“The Faith of Donald J. Trump: A Spiritual Biography”
I kid ye not! The Faith of Donald J. Trump: A Spiritual Biography is a brand-new book cowritten by David Brody, a reporter for the Christian Broadcasting Network, and Scott Lamb, a Southern Baptist pastor.
I’m being a little facetious, but I thought that maybe the book would be ten pages long with a big preface, a very full foreword by Mike Pence, and an extensive epilogue by Franklin Graham (Billy Graham’s son) with many pages of endorsements by the likes of Sean Hannity, Dennis Prager, and Jerry Falwell Jr., all of whom have suggested that Trump “walks on water.”
I was wrong! The book is 375 pages long. You read that correctly—375 pages explaining the spirituality of “the Donald.”
The book is selling for anywhere from $15.99 to $26.99 plus shipping and handling. Amazon Prime members can purchase it for $17.04 with shipping and handling included. I have not yet ordered my copy.
I became a little leery of the book’s content when I read in the foreword that the author suggests that many serious Christians embrace this president because they understand God’s grace better than others (how’s that for humility?) and that moralizing naysayers (I guess that’s me) are like the elder brother in the parable of the good Samaritan.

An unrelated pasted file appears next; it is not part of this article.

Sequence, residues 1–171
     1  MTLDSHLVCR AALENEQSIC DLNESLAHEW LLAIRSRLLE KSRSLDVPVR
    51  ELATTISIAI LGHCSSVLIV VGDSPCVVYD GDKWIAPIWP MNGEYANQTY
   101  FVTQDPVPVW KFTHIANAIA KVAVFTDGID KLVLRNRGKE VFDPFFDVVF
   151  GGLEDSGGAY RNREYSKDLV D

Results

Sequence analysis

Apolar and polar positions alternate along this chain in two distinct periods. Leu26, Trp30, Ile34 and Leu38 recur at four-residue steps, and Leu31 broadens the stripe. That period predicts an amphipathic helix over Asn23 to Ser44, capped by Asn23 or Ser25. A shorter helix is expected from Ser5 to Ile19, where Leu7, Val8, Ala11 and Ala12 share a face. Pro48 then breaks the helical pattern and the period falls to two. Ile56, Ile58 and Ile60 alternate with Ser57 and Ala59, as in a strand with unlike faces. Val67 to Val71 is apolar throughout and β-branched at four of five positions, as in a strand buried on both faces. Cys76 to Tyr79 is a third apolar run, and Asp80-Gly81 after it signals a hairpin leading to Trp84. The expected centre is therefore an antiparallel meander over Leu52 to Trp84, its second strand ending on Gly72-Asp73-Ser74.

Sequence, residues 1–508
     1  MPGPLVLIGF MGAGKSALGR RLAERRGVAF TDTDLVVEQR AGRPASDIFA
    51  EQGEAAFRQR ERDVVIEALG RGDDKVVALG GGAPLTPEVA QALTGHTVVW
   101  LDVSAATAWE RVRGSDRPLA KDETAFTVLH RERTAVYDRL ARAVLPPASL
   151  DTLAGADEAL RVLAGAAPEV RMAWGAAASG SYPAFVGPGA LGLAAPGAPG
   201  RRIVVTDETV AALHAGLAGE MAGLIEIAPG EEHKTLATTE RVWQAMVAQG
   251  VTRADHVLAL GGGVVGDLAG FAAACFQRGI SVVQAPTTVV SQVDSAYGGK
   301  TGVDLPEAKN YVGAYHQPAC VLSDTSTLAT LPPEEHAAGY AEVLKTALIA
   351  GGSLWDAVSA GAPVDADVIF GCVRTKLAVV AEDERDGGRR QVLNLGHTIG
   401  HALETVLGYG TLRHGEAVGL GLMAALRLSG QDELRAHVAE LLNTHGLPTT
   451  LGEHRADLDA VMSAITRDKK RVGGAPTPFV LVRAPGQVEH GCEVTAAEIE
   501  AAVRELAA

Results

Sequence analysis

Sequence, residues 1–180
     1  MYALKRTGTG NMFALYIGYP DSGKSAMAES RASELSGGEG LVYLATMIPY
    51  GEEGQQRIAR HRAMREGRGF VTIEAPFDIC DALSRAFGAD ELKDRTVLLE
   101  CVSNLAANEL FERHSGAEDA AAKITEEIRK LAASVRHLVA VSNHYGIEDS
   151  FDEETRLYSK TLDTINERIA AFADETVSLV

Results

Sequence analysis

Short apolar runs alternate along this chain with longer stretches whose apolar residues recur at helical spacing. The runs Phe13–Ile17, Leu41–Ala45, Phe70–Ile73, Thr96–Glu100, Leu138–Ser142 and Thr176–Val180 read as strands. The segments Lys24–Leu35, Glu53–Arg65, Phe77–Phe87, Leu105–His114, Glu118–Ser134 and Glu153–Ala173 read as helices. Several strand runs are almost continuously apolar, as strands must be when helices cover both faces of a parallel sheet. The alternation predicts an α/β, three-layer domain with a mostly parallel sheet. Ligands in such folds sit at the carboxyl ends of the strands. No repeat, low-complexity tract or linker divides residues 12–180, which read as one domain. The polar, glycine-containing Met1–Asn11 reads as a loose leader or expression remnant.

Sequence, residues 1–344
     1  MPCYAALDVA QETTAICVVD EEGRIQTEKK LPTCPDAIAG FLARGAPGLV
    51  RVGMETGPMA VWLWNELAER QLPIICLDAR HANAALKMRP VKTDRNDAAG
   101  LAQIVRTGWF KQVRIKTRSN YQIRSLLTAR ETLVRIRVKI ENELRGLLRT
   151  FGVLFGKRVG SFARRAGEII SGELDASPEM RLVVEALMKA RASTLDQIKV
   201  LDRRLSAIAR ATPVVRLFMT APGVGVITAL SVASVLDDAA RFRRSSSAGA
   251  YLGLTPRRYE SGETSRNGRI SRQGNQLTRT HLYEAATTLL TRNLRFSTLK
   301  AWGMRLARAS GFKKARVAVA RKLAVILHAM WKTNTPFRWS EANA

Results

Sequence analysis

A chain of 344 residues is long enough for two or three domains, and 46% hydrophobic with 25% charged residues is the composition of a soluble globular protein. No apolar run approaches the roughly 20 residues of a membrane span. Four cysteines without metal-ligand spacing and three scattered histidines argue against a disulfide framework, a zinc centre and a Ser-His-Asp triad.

I would probably plead guilty except no elder brother exists in the good Samaritan story. That brother is in the prodigal son parable. For some reason, that huge slip-up made me lose faith in any of this book’s credibility. One might have thought that either David or Scott, the authors, would have caught that glaring mistake.
I strongly suspect I shall not buy the book but shall make a judgment about Trump’s faith based on watching the man in action as well as working very hard on a daily basis to compare him to my Christ, Jesus.
I am not sure that Trump has taken one action while in office that has any similarity to what Jesus did or what he has taught me. For instance, Jesus said that “it is easier for a camel to go through the eye of a needle than for a rich man to enter into the kingdom of God” (Mark 10:25). Right before my eyes, the rich are getting richer and the poor are getting poorer. The evil prosperity gospel is winning.
Jesus tells us to welcome strangers, but all we hear about is building walls, locking strangers out, and calling them awful names.
The church has taught us that marriage is sacred, but I see a president who is on his third marriage and still philandering.
In the New Testament, Jesus reaches out to the gentiles, the hated Samaritans, the mentally disturbed, the sick, and the disabled. He reaches out to prisoners and the oppressed. This president and his Congress are slamming the door in the face of those folks.
On and on I could go, but I see the faith of Trump as destructive and opposed to the teachings of my guru, Jesus. I get scared when I see a group of fundamentalist Christians (they prefer to be called evangelical) supporting Trump’s faith. It’s so reminiscent of Germany in the 1930s.
When a publisher releases a book like this with a straight face, I become deeply concerned.
Is the Church of Our Savior Donald Trump next?